Americans celebrate with food and lots of it. Those big holiday dinners, the
parties, happy hours, and shopping sprees -- we love that stuff.
So what's the problem? It's a big fat recipe for a bad case of heartburn.
Alcohol, caffeine, -- plus eating too much rich, fatty food - is a slippery
slope to indigestion. The holiday dinner is especially a problem. Once you've
stuffed yourself, then moved to the couch, you're in trouble.
A bitter taste in the mouth, a chronic cough, sore throat, fatigue ... if you're waking every morning with these symptoms of nighttime heartburn, you want relief.
Millions experience heartburn and the more serious condition gastroesophageal reflux disease (GERD) daily. And research shows that nighttime heartburn affects nearly four out of five of heartburn sufferers -- disturbing sleep and impairing their ability to function the next day.
If you're one of these people, find nighttime heartburn...
"We all want a really full stomach by the time the football game comes
on," says John Affronti, MD, a professor of gastroenterology at Emory
University School of Medicine in Atlanta. "But when you kick back in the
La-Z-Boy recliner, you're tilting the stomach - which allows stomach acid to
spill into the esophagus."
Heartburn is partly a mechanical problem, Affronti explains. There's a
little muscle that controls all of this that sits between the esophagus and the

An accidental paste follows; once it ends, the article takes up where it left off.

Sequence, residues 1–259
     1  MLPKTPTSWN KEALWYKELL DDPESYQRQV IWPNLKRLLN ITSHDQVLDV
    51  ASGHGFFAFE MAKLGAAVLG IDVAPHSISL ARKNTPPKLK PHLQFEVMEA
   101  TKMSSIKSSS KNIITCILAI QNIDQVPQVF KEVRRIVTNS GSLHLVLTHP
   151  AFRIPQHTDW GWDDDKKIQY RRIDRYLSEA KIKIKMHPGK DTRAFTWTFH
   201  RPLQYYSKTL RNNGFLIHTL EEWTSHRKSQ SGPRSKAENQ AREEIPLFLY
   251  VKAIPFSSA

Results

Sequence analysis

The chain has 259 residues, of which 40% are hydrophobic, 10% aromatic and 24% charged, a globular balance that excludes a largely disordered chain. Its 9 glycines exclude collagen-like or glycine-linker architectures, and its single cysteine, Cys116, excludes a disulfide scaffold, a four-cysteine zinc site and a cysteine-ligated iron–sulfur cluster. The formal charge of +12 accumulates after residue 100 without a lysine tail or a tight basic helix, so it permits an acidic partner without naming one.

stomach. That muscle gradually relaxes as we get older -- which means stomach
acid has easier access to the esophagus.
When we're standing, gravity helps keep stomach acid from migrating upward.
But when we go horizontal -- and especially when a full stomach is applying
internal pressure -- stomach acid gets pushed into the esophagus. Extra pounds
around your waistline only add to that internal pressure.
Also, excess fatty food means digestion slows to a crawl, which makes
heartburn a virtual certainty, explains Affronti.
Taming the Heartburn Beast
Run-of-the-mill heartburn is easy to treat, says Braden Kuo, MD, a
gastroenterologist at Massachusetts General Hospital in Boston.
"This is particularly relevant at holiday times, where there is
increased use of alcohol, after-dinner mints, desserts, and the overstuffing of
the GI tract," he tells WebMD. "All these factors can make heartburn
worse. There's nothing wrong with treating it more aggressively with OTC or
prescription medicines during those times."
For best results, take your heartburn medicine before heartburn starts -
before sitting down to that big holiday meal or heading to the party buffet, he
advises. You have a lot of options from which to choose:
Here are some over-the-counter heartburn medicines:
Antacids like Tums and Rolaids neutralize stomach acid to relieve
heartburn, sour stomach, acid indigestion, and stomach upset. These include
Tums, Rolaids, and Maalox.
Acid blockers reduce the production of stomach acid. They include Axid AR,
Pepcid AC, Prilosec OTC, Tagamet HB, and Zantac 75.
For severe heartburn that isn't relieved by these medications -- or for
anyone who has been using them for more than two weeks -- prescription medicine
may be necessary. The prescription forms of Axid, Pepcid, Prilosec, Tagamet,
and Zantac contain higher doses than the OTC versions. Prescription versions of
Prevacid and Nexium, as well as others, are also effective.